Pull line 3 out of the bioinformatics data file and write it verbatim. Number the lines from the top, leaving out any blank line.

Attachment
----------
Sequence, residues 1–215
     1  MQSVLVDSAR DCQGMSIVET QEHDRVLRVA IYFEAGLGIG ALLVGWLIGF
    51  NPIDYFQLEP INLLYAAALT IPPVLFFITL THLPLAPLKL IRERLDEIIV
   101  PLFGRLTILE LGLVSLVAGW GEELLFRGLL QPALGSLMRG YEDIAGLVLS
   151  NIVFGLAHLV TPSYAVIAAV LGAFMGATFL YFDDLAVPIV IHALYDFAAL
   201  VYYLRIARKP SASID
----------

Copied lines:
    51  NPIDYFQLEP INLLYAAALT IPPVLFFITL THLPLAPLKL IRERLDEIIV